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2012 Master's Level Graduate Research Conference

Session I - Session II - Session III - Session IV

Therapist's Perceptions of Self-Care

This project, titled Therapistís Perceptions of Self-Care, is an investigation into therapistsí perceptions of self-care, namely, what they do to care for themselves physically, psychologically, emotionally, spiritually, and professionally. Another main objective of this research is to gain insight into how self-care, or the lack thereof, affects professional wellness. Assessing how the therapistís professional quality of life has been affected, both positively and negatively based on the emotionally demanding nature of the profession will be explored. The hypothesis is that self awareness leads to more effective self-care, thus resulting in a better professional quality of life. Mindfulness as a state of self-awareness, has been connected with overall well-being (Brown & Ryan, 2003). A better quality of life is possible when a therapist is willing to implement the necessary changes in his/her life to address any areas of risk or vulnerability where burn-out could potentially take over and negatively impact the therapistís overall wellness (Richards, Campenni & Muse-Burke, 2010). This research was conducted in a Mental Health Agency in Rochester, New York. Results of this research will be presented.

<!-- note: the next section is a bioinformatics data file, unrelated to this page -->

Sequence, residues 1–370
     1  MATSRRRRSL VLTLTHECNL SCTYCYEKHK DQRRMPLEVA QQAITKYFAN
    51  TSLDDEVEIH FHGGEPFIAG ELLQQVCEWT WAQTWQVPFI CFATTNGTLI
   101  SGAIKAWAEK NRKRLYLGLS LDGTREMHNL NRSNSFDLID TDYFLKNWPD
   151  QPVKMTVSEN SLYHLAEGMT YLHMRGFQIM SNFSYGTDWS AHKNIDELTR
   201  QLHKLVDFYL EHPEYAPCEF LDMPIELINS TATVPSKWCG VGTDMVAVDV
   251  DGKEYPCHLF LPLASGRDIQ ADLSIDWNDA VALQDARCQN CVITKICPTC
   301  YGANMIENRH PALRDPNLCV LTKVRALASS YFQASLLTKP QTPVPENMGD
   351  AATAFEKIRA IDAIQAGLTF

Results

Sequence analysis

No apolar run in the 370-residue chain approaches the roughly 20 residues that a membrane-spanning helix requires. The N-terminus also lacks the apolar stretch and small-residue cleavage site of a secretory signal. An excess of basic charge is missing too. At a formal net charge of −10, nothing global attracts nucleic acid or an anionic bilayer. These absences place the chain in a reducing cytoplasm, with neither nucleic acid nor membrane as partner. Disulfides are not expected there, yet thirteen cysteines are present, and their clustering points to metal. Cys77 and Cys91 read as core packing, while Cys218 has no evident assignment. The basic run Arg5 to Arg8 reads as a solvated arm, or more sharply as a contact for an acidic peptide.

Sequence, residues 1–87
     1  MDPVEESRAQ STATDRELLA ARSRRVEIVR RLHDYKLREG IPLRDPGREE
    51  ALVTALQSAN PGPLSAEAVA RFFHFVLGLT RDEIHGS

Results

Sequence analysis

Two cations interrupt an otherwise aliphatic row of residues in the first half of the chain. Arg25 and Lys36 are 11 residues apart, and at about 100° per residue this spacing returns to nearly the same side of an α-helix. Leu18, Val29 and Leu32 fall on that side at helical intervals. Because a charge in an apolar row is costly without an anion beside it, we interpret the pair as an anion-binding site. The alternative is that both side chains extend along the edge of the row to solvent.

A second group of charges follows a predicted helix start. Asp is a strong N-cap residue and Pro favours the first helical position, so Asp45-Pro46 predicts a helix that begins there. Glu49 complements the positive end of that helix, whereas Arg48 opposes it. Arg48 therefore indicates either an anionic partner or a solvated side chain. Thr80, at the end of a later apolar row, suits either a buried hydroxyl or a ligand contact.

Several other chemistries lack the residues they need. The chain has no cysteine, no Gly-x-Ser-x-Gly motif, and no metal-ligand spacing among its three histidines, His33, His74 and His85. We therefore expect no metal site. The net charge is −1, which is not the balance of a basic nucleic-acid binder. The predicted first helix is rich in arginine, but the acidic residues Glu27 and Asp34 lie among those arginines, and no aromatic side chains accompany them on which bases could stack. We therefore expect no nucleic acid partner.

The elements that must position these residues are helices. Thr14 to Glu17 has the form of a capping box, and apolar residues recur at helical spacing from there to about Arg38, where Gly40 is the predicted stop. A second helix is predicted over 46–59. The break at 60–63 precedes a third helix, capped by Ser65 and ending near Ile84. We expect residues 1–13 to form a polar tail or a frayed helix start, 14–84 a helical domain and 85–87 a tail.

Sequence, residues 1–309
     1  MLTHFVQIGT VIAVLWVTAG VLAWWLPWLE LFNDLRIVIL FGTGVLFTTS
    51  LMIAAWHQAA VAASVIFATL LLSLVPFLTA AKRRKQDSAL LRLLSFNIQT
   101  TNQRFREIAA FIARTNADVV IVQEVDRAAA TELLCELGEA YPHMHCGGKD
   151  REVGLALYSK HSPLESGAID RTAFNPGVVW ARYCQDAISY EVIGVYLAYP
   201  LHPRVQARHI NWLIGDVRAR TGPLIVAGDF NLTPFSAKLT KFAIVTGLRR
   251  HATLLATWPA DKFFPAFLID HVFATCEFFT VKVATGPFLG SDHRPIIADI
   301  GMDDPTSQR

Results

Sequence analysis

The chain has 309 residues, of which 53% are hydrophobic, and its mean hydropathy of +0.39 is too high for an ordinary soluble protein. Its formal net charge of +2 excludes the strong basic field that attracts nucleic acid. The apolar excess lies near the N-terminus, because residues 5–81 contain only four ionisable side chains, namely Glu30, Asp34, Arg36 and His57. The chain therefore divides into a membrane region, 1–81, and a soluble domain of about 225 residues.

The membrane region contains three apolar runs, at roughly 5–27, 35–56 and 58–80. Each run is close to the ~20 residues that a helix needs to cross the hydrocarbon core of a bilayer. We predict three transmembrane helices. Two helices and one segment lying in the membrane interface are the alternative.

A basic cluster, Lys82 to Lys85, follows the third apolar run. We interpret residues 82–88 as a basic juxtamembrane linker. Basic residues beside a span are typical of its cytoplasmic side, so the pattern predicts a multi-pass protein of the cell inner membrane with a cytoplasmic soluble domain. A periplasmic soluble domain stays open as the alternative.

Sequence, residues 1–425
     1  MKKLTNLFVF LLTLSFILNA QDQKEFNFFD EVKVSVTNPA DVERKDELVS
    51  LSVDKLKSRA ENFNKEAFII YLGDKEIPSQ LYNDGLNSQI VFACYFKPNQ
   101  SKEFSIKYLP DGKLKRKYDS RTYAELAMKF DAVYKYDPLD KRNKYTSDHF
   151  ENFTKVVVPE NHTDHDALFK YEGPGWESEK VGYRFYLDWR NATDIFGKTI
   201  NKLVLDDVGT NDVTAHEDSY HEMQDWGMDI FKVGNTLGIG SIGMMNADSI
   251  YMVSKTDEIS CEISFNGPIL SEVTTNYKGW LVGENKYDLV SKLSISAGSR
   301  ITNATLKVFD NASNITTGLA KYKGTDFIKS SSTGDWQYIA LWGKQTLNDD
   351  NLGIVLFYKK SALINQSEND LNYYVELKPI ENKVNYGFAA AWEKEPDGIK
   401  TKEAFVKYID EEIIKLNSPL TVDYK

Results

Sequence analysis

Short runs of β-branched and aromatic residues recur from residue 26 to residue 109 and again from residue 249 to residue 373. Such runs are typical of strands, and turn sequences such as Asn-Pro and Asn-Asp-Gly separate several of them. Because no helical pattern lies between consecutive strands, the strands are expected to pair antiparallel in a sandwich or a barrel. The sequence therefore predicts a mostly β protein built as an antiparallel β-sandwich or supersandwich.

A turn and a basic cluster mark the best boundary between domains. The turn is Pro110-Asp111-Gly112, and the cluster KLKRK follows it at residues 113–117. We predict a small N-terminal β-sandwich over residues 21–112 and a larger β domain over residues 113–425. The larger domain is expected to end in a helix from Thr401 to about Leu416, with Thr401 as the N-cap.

Presenter: Stephanie Catlin-Rakoski (State University of New York College at Brockport) --
Topic: Counseling Education - Panel
Location: 120 Hartwell
Time: 9 am (Session I)